Overexertion injuries aren't just putting a strain on workers' musculoskeletal systems. These nagging injuries in the neck, back, and upper and lower extremities cost American companies about $15 billion a year in direct costs such as medical fees and indemnity payouts, according to the Liberty Mutual Workplace Safety Index.
The indirect cost—which includes lost wages for the employee, loss of productivity for the company, and the cost of retraining new employees—is much harder to pinpoint, says Jim Galante, chairman of the EASE Council, though he says most ergonomics experts place it between four and five times the direct cost.
That means these musculoskeletal disorders (MSDs) are indirectly costing at least $60 to $75 billion.
Practitioners agree that 40 to 70% of workman's comp claims are related to manual material handling. So even on the low end, that's about $6 billion. Quadruple that for the indirect cost of $24 billion, and you get a very conservative estimate of $30 billion lost to material handling injuries.
These include relatively minor injuries such as Carpal tunnel syndrome, which costs around $6,000, to serious back injuries, which can cost up to $90,000.
That money isn't lost if you work in the healthcare industry or manufacture pain pills. Those businesses are booming. But what about the small industrial companies who for so long have been the backbone of the American economy?
"Small companies just don't have the access to the professionals," says Galante, who is also director of Business Development at Southworth Products. "Very few have the benefit of an ergonomist. These small companies don’t have the healthcare pros that Ford may have."
Instead, they have human resource managers trying to implement some sort of training as best they can. The government provides some extensive guidance through the National Institute for Occupational Safety and Health (NIOSH), but that's like handing a journeyman electrician the schematics to a nuclear reactor and saying, "All the info you need is right here; create a safety plan."
These manuals are up to 300 pages long and "well done," Galante says, but "the employment manager or HR person isn't going to get past page 3. The information published is very complicated and needs to be used by a practitioner."
So if what Galante and other ergonomists say is true, we have a majority of workers at risk for serious injuries, and a majority of companies at risk for financial hardships, and there's no way to fix it.
If you work in the industry, you know there's always some way to fix broken stuff. That's pretty much all you probably do. And our job is to provide you with the tools to fix stuff.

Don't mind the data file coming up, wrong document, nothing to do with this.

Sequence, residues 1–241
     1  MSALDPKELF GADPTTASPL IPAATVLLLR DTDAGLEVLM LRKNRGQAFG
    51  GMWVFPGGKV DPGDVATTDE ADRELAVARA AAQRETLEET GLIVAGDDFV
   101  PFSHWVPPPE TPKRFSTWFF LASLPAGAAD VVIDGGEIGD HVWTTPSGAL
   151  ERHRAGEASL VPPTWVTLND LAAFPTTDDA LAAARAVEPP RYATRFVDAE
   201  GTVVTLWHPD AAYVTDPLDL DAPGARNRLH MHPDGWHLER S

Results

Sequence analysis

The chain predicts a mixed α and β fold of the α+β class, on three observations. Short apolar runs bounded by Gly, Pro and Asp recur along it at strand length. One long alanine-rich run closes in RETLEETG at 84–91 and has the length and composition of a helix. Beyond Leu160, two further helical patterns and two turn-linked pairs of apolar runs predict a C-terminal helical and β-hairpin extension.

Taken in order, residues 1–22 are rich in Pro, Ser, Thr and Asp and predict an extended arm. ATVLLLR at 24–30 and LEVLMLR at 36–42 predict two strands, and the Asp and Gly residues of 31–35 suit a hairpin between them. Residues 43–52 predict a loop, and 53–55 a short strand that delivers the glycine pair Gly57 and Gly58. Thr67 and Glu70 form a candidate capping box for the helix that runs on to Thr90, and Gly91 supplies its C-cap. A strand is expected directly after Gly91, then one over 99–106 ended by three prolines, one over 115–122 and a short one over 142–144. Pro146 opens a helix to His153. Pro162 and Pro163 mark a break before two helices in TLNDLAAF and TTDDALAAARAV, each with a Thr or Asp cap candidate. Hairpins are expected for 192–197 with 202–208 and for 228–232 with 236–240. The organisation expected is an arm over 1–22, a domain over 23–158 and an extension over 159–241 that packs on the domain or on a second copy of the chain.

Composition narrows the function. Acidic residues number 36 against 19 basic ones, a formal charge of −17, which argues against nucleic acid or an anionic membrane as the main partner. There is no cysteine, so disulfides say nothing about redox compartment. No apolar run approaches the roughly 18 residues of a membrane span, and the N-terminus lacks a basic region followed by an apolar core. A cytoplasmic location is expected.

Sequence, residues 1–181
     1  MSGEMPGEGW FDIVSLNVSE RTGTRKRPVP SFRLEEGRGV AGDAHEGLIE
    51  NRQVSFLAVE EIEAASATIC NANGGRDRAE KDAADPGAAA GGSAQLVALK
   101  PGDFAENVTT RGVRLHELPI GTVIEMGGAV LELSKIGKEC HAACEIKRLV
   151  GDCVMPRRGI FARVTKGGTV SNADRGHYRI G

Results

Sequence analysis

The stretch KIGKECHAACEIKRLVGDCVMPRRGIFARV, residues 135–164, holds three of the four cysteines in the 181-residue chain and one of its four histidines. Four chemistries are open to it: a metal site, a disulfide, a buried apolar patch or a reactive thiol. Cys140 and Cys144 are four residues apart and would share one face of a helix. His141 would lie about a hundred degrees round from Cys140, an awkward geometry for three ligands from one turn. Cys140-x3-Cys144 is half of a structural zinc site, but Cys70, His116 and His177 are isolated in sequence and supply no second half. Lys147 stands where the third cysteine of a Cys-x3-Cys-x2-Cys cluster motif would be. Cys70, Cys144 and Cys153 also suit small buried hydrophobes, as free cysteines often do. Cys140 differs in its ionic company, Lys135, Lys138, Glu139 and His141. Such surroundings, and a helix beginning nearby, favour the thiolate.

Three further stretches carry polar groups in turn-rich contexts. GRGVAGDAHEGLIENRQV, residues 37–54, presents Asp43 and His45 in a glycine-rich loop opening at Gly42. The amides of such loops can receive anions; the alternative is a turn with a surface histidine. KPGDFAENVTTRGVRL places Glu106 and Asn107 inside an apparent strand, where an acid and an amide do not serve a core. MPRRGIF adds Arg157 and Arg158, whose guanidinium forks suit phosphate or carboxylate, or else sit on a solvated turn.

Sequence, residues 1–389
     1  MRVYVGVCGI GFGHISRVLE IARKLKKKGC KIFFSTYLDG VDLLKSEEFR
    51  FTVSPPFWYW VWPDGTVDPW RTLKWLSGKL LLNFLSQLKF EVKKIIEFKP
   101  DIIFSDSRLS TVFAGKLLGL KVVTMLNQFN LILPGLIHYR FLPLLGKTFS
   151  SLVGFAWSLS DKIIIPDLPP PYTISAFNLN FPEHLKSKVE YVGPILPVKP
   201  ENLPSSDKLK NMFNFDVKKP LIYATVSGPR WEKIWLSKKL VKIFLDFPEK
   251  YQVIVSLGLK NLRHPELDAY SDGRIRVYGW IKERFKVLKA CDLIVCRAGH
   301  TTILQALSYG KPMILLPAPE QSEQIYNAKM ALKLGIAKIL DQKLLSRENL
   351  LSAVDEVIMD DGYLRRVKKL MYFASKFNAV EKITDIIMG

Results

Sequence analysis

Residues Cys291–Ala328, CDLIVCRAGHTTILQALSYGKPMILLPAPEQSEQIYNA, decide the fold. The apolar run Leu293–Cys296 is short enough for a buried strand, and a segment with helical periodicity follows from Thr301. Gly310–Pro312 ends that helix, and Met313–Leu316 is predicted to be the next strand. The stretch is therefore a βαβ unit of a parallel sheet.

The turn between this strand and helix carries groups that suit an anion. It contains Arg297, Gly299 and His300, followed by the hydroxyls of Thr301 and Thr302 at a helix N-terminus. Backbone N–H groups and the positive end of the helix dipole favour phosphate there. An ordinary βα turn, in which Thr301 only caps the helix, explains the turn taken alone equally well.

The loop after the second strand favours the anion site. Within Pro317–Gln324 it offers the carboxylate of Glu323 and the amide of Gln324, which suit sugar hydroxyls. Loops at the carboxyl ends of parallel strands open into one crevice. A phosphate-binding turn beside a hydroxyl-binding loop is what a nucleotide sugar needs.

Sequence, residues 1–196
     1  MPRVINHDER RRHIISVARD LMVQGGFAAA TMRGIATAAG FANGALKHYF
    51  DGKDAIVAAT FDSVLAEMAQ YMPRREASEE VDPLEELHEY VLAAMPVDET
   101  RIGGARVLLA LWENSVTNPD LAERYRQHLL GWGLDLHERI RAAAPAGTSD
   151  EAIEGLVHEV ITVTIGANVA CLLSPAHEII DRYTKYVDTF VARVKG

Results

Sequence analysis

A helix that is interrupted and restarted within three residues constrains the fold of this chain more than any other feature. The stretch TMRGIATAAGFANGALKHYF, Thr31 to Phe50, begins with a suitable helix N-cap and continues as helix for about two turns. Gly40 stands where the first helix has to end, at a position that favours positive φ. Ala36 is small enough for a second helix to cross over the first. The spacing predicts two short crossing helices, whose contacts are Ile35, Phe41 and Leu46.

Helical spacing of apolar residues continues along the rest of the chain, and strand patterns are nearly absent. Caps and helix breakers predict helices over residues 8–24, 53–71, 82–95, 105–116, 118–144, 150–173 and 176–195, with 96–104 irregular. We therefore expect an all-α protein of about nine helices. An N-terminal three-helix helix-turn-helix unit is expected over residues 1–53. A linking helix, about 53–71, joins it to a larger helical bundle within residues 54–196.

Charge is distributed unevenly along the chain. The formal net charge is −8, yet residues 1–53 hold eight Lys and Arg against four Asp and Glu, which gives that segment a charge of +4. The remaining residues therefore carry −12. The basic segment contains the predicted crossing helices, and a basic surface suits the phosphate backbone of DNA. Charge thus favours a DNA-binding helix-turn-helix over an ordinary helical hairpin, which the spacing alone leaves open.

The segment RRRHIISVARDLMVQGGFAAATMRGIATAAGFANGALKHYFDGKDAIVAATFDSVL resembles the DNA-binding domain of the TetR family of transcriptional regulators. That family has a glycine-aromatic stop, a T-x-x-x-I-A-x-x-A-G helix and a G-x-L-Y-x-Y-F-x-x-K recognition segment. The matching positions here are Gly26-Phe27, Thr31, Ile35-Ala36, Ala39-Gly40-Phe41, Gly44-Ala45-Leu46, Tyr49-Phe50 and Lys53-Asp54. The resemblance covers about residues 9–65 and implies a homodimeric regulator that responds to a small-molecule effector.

And we're happy to do it. Well not us exactly, but we asked Galante, who has nearly five decades of experience.
"There are some tools out there to help the small guy," he says. And he was kind enough to provide some of his favorites.
Let's start a basic checklist:
And the Oregon OSHA has a very handy interactive Lifting Calculator app for desktop and mobile platforms. Click here to access it. look below to see a step-by-step how to use it.
And here's the NIOSH Lifting Equation.
And for pushing and pulling, look no further than the Liberty Mutual Manual Material Handling Table, an online tool to "provide both the male and female population percentages capable of performing manual material handling tasks without overexertion, rather than maximum acceptable weights and forces."
The important thing to remember is that merely glancing at an app or running a calculation isn't enough.
Once you calculate what your material weight, repetitions, and height requirements are for each handler, you should take a look at equipment to help you do the job. Most of these tools are simple to use and inexpensive, especially compared to what a worker injury could cost you.
"Generally speaking, when you're dealing with pallets, you need to do two things: raise and lower it, and rotate to eliminate the reach," Galante says. "Reaching out is actually worse than back bending."
Southworth's PalletPal line accommodates more than two tons, and adjusts as weight is added or removed from the table, so the load is always at an optimal height. They also rotate to keep the worker from having to reach. They range from pneumatic to spring-loaded.
A taller pallet, a seven-footer for example, requires a different solution than a simple spring-loaded solution. Installing a lift table that goes into the floor may be the better option.
"Drop the bottom two-thirds into the floor, so 30 to 40 inches is in the magic ergonomic window," Galante explains. "People are less likely to hurt themselves and biomechanically the strongest they can be. It doesn't matter how tall you are; everybody's knuckles are about 30 inches off the floor."
Containers can be as large as 30 x 40 X 48 inches, so repetitively bending over to reach a product in the far bottom corner increases the risk of an MSD.
Galante advises thinking about what will go in the container, from wire baskets to steel pipes, before choosing what type of tilter. Some have an elevated hinge to keep the loads at the right handling height.
There's no one solution for everything. Those choices are affected by a man or woman, how many times an hour a day they do it, the temperature or if it's a wash-out environment.
Work Access Platforms
Galante says lifting the worker, not the workpiece, is a more recent trend of the last five to seven years. It's good for working on plane wings or giant heavy machinery, he says.
"If a guy is wiring a large electrical panel that’s seven-feet high," he says, "it makes more sense to raise worker so the top of the panel is 30 inches above where he is standing. Put the work zone in that 30-inch window for him to do his job."